I’m Embarrassed to Admit: The Books You Start, a Few Times, but Never Finish

I’m Embarrassed to Admit: The Books You Start, a Few Times, but Never Finish

 

Have you ever been somewhere and everyone is discussing a classic book, raving about its brilliance and you’re there thinking to yourself, “Why am I the only person on the planet who couldn’t finish it?”

Everyone has a number of books they couldn’t finish despite others raving about them. You probably have a few titles on your shelves that you tried to read, you even feel you should read… but simply can’t. Generally, I don’t have a problem admitting defeat and deciding to leave a book unfinished. Life’s too short and there are too many wonderful books available to spend time on something I don’t enjoy. But there are a few titles, always classics, that I still plan to read, even though earlier experiences with them weren’t positive.

It’s confession time. Time to fess up, to claim those failures. There’s nothing wrong with someone who can’t read In Search of Lost Time. My experience with Proust’s masterpiece is that by reading it, that’s exactly what I’m doing. That’s time I’ll never get back. And I’m not alone. Swann’s Way (In Search of Lost Time, #1) sits in the top 100 Most Begun Read but Unfinished Books Ever Listopia on Goodreads, although well behind the top three, Catch-22, The Lord of the Rings (1-3) and Ulysses. All three of which I’ve read.

Apart from In Search of Lost Time, my major literary failure is a book that many others adored. I’m reluctant to admit this, because I know I’m at risk of losing my job (it’s one of Cheryl’s favourite books ever). Drumroll please… One Hundred Years of Solitude by Gabriel García Márquez. I tried. I tried three or four times. But only a few chapters in, I felt like I’d been in solitude for 100 years. Or more. In fact, another Gabriel García Márquez book, Love in the Time of Cholera made me wish I had cholera, just so I had a good excuse to stop reading it. I do struggle with this. Instead of simply accepting that these books aren’t for me, and handing my copies over to the local Vinnies, I keep them on my shelves, sure that one day, I’ll magically have not only enough time to read them, but the desire to do so.

What book are you a little embarrassed to admit you couldn’t finish? I asked around the office and it quickly became a therapy session for booklovers purging their embarrassment and guilt. Here are some of the Better Reading confessions.

Cheryl Akle, Director

Bliss by Peter Carey. So many people I know loved this book, and generally I like to stick with a book to the end… but I simply couldn’t with this one. I walked out of the film as well. Just wasn’t for me.”

Melissa Wilson, Head of Marketing and Children’s Content

Years ago, I was really impressed when my husband read Ulysses, so I decided to read it too. I imagined us being able to have long, in-depth discussions about the book together… Unfortunately it was never to be. The first fifty pages was enough for me.”

Bec Howard, Marketing Coordinator

Pride and Prejudice… I know, I know, I feel awful about this. I’ve loved every movie version of it. I should love the book… but a few chapters in and I’m done and don’t return.”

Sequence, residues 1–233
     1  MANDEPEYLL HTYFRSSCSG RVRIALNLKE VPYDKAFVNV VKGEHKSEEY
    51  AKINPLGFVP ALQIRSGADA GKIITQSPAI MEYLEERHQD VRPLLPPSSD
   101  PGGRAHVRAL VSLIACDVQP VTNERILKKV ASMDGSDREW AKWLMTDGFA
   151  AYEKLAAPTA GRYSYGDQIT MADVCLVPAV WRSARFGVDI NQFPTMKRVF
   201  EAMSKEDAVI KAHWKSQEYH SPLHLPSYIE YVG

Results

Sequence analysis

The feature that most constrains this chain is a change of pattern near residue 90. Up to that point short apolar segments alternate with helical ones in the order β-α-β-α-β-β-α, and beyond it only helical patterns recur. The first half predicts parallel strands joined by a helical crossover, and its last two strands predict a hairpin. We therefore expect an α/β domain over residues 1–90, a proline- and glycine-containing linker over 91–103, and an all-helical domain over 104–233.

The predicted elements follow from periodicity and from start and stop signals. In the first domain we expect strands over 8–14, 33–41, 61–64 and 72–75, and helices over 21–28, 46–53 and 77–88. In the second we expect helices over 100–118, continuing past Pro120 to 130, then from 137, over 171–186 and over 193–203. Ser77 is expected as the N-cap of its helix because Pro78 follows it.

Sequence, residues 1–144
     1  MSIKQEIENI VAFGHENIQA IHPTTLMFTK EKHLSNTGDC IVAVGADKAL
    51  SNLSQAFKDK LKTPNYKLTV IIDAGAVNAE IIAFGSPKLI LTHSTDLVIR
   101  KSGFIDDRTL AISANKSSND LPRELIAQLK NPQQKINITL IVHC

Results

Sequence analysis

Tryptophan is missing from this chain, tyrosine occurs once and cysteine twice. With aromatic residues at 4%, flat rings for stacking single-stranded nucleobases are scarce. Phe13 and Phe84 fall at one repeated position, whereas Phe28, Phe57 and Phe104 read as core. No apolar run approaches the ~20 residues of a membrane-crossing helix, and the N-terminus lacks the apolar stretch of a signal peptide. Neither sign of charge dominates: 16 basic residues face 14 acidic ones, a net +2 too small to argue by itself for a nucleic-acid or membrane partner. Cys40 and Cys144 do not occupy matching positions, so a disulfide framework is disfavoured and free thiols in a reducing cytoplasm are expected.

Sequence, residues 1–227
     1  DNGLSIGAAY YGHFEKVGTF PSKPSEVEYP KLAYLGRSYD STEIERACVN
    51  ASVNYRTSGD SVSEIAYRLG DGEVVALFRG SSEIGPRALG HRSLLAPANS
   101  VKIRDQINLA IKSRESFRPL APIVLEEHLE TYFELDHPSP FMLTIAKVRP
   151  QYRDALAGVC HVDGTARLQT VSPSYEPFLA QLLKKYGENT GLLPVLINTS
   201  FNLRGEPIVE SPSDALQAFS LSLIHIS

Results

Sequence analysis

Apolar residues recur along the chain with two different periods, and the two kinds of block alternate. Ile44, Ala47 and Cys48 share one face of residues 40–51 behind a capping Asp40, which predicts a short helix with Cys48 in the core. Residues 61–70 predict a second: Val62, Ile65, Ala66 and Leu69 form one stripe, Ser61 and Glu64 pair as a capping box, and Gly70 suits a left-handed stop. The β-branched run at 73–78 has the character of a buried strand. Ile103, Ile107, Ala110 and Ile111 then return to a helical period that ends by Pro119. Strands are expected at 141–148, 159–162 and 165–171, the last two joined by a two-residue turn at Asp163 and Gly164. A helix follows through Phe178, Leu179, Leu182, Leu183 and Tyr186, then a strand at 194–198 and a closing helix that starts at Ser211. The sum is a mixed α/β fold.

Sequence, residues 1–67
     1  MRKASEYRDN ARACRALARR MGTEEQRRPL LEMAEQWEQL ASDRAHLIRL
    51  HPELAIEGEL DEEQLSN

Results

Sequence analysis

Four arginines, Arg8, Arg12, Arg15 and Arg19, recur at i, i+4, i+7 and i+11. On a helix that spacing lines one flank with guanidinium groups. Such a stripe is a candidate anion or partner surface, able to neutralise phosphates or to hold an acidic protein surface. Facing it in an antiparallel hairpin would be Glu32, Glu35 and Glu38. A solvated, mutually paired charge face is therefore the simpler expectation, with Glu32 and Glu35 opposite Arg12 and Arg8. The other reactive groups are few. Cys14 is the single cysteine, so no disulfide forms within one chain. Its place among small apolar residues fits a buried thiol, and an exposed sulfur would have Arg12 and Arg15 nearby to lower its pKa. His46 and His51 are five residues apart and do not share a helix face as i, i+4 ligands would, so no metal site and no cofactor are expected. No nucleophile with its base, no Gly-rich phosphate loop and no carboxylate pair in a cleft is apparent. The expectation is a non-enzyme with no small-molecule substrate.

Meredith Drake, Big W’s Category Manager for books

“When I met my now husband, he was obsessed with Jack Kerouac’s On the Road. So I tried to read it. I gave this book a really good shot. I tried to connect with these characters that I actually found appalling. I even did a pilgrimage to Kerouac’s Grave in Lowell, Massachusetts. All of it, even my feelings for my future husband couldn’t get me to the end of that book.”

Now it’s your turn. What book are you a little embarrassed to admit you couldn’t finish?

 

 

 

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                      1. I tried to read Gone Girl but just didn’t like it the film was different too not my cup of tea.

                      2. Tracey Radford says:

                        I tried TWICE to read A Winter’s Tale by Mark Helprin and could not get past the first half. Even the film did not inspire me to go back and try again…

                      3. Sarndra Steel says:

                        Foucaults Pendulum

                      4. Megan says:

                        Eat, Pray, Love – I found it torturous and the movie wasn’t any better!

                      5. Mary aelkin says:

                        It is simple why we start some books we find hard to read. It’s because we are all different, I have that experience frequently among my writing friends. I have read two classics one of the Bronte sisters books I obviously enjoyed so much I can’t remember which wrote it and what it was call the was water ship down that was so boring . But I finished both. Never feel embarrassed because you could not read a particular book it just was for you and there so many books out there why waste time on someone you don’t enjoy.

                      6. Melanie says:

                        Helen Garner’s Monkey Grip. Two attempts. Can’t get past the first couple of chapters. Also the Elena Ferrante’s My Brilliant Friend. Got about 70 pages in and just Could. Not. go. any further. Have not given it a second go yet, but might try again as I really want to understand what the fuss is about.